Germany faces ‘bigger danger’ from underground neo-Nazis


 Underground neo-Nazi group members who remain untraceable are a big threat for Germany, an expert says.

In fact, some experts believe that the threat to Germany from around 300 neo-Nazis, who are believed to have gone underground recently, is far bigger than from the newly uncovered far-right terrorist group, The Oldschool Society (OSS).

Robert Ludecke, an expert at the Amadeu Antonio Foundation, an anti-racist group, told Anadolu Agency Thursday that he doubted OSS members posed a serious threat because although they were typical neo-Nazis, the group openly communicated on social media.

“It is hard to say whether they are a serious threat or not. Normally terror groups do not act openly like this on Facebook. They have put their [real] names on Facebook, shared their pictures, almost wrote a diary online,” Ludecke said.

“I would say OSS is not the real problem...the bigger danger is those neo-Nazis [who are] submerged, who went underground and cannot be found,” he said.

In 2013, the German intelligence said that at least 266 right-wing extremists went underground. Ludecke believes the number was as high as 300. “Police and intelligence do not know where these people live, what are they doing and what are they planning,” he alleged.

On May 6, German police had arrested four OSS members on suspicion of planning terrorist attacks on asylum centers and mosques. Police said that the group had acquired explosives material for an alleged attack on an asylum center near the eastern city of Leipzig.

German Interior Minister Thomas de Maiziere told the media then that the OSS had been the second far-right terrorist group uncovered in Germany after the National Socialist Underground (NSU) and went on to praise the police and intelligence for what he called “a successful operation”.

But Ludecke, who had been monitoring far-right groups for years, said that the basic nature of the OSS and NSU groups were largely different.

“NSU worked completely in the underground for a long time. The OSS is the exact opposite,” he pointed out. “OSS acted almost transparently, completely open,” he said.

Hajo Funke, a professor of political science and a far-right expert at Berlin's Free University, also cautioned against completely believing the information provided to the press by security and intelligence organizations.

Funke said: “The director of the domestic intelligence BfV, Dr. Hans-Georg Maassen, told lawmakers in December that they were not carrying out any terrorism investigation in relation to the right-wing extremist groups. But now, we learn that this right-wing extremist group was under surveillance since autumn last year. Apparently, Maassen lied at that time.”

He said that it was still not clear why the security organizations did not want to go public earlier that they had been investigating OSS and only did it last week.

Unresolved murders

The NSU killed at least eight Turkish immigrants, a Greek worker and a German policewoman between 2000 and 2007, all apparently without arousing the suspicions of the German police or its intelligence services.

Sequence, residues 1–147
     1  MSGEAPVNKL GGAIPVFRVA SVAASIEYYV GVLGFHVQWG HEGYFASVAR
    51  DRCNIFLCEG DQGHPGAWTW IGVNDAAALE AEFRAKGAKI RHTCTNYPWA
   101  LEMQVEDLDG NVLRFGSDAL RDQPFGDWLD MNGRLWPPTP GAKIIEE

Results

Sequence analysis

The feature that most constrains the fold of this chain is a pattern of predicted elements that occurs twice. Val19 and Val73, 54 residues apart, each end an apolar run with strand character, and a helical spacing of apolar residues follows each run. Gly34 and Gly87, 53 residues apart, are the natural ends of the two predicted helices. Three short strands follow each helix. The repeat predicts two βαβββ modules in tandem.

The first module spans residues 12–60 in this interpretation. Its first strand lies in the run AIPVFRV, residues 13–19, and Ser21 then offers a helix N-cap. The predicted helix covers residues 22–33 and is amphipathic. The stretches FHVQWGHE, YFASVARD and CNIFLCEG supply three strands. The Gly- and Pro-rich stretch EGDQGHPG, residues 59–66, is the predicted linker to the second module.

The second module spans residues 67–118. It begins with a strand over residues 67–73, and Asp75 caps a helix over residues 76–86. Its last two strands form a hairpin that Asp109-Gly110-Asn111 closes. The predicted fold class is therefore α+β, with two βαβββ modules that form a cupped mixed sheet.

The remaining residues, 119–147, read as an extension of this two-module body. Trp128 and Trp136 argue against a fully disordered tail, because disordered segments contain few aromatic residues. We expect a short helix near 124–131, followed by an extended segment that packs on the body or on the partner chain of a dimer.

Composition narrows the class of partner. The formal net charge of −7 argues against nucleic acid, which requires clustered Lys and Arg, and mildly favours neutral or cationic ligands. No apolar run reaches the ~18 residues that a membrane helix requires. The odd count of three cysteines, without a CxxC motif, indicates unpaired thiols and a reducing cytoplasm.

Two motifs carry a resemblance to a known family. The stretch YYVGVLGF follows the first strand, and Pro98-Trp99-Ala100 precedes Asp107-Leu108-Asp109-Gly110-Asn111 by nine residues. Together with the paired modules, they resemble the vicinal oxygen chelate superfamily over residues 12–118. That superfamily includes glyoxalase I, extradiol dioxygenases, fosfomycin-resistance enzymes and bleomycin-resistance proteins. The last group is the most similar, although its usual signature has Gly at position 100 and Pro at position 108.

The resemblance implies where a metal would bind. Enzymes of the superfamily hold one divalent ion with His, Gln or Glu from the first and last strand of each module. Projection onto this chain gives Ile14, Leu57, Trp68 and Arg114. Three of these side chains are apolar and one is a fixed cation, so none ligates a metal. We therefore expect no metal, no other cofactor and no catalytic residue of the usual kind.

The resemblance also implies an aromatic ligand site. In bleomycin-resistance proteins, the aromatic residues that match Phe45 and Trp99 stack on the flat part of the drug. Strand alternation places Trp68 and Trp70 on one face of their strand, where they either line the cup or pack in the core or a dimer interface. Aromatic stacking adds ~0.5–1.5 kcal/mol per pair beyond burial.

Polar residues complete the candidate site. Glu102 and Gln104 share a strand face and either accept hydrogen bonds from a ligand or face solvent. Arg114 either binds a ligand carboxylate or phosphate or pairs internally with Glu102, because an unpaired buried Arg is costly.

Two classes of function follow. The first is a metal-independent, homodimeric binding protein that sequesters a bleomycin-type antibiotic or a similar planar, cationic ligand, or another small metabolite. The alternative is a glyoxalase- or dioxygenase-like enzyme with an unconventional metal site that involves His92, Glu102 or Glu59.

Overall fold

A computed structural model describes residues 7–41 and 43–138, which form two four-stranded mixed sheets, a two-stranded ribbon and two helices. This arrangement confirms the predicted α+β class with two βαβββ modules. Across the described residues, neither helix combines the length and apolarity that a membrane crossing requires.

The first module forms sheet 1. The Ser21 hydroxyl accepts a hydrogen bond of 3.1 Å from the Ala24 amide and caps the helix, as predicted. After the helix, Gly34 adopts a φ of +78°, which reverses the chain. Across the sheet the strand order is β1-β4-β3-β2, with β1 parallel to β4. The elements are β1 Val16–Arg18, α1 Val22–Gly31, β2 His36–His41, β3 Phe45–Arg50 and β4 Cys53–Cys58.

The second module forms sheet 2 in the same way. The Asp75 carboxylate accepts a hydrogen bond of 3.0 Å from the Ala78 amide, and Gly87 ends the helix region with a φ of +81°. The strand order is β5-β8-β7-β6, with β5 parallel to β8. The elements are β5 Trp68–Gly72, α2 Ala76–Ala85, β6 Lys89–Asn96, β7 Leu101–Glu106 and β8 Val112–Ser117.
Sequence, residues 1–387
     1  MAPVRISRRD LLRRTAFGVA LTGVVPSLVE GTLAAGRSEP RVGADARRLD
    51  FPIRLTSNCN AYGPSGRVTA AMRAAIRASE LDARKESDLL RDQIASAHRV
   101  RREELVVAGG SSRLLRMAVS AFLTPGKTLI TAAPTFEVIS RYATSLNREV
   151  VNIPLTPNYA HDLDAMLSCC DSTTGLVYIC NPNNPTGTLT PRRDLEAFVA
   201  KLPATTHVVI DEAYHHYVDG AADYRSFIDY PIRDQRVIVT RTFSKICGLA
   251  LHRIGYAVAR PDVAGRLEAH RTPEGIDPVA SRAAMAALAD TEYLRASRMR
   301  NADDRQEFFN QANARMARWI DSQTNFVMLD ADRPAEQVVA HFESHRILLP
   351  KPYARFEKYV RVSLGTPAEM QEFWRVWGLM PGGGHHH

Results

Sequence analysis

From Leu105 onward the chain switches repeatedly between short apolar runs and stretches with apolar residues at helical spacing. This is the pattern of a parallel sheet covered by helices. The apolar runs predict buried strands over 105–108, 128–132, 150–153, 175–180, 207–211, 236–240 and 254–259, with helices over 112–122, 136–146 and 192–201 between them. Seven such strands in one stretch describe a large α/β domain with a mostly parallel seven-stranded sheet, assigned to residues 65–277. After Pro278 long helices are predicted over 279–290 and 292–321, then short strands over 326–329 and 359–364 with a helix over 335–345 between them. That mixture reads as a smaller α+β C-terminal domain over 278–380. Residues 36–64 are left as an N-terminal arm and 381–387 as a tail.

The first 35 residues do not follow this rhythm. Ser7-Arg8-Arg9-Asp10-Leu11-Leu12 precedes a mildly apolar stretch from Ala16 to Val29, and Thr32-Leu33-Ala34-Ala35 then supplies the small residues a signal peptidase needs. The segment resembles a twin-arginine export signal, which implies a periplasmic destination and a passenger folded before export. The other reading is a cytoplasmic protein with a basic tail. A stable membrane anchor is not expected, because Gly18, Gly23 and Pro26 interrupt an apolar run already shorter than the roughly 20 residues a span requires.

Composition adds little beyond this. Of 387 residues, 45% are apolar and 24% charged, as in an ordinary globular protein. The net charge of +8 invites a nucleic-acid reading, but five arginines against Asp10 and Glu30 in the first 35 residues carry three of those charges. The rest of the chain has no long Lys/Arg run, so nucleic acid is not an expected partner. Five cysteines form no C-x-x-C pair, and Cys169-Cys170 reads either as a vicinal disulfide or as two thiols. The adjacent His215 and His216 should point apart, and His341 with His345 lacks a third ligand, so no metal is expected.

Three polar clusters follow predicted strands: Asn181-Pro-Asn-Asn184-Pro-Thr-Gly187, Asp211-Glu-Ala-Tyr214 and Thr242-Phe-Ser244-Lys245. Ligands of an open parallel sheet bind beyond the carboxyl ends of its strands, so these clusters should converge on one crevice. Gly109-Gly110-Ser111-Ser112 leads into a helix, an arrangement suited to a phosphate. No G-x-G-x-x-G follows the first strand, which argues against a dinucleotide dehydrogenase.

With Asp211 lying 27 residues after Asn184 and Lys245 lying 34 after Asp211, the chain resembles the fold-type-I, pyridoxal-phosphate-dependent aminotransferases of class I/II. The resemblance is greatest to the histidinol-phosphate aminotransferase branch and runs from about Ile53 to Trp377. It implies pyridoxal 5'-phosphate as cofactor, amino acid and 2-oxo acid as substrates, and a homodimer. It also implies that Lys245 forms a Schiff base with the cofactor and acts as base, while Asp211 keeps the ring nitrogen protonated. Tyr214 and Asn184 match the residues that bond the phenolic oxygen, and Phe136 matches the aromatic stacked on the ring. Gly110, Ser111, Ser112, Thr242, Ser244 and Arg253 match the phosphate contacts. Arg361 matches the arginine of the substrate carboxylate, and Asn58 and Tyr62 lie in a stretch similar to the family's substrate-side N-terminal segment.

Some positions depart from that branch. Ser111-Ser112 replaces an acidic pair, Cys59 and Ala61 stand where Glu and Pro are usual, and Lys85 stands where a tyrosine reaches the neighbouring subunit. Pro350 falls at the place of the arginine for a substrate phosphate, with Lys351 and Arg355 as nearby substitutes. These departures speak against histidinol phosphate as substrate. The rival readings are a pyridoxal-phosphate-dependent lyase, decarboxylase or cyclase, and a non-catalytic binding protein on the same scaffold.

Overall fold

The German public first learned about the existence of NSU in November 2011, when two members of the group reportedly died in a murder-suicide following an unsuccessful bank robbery. A third NSU member, Beate Zchaepe, is currently under arrest.

Until 2011, Germany’s police and intelligence service excluded any racial motive for the murders and instead treated immigrant families as suspects in the case and harassed them for alleged connections with mafia groups and drug traffickers.

Mehmet Daimaguler, a lawyer representing families of NSU victims at the ongoing trial, said that the recent operation had been a late step in the right direction.

“As we have been arguing for years, the police and intelligence should take the far-right threat more seriously,” Daimaguler told Anadolu Agency.

Daimaguler said that according to initial information available, OSS was unlikely to be a copycat of the NSU, as its members openly communicated and organized on the internet.

However, he also warned against playing down the potential threat of the OSS group. “When one tries to analyze the actions of OSS members, they do not seem to be intelligent people. But that does not make them less dangerous,” he said.

He also underlined that in recent years neo-Nazi groups had started to organize around small cells for the purpose of not arousing suspicion among authorities.

Investigation continues

The four far-right extremists who allegedly formed the OSS group last November were named as Andreas H., 56, Markus W., 39, Denise Vanessa G., 22, and Olaf O., 47.

They were arrested on May 6 after around 250 police officers raided houses in five states across the country.

Police also questioned six others on suspicion that they provided support to the group and the investigation in the case continues.

German police and intelligence have been under strong criticism in recent years for their alleged failure to effectively combat far-right extremism.

Some recent revelations unveiled ties between the far-right extremists and the informants of the domestic intelligence agency.

German authorities deny there had been any relationship between its agents and the unresolved NSU murders.

*AA correspondents Erbil Basay and Neslinan Dogan contributed to this story



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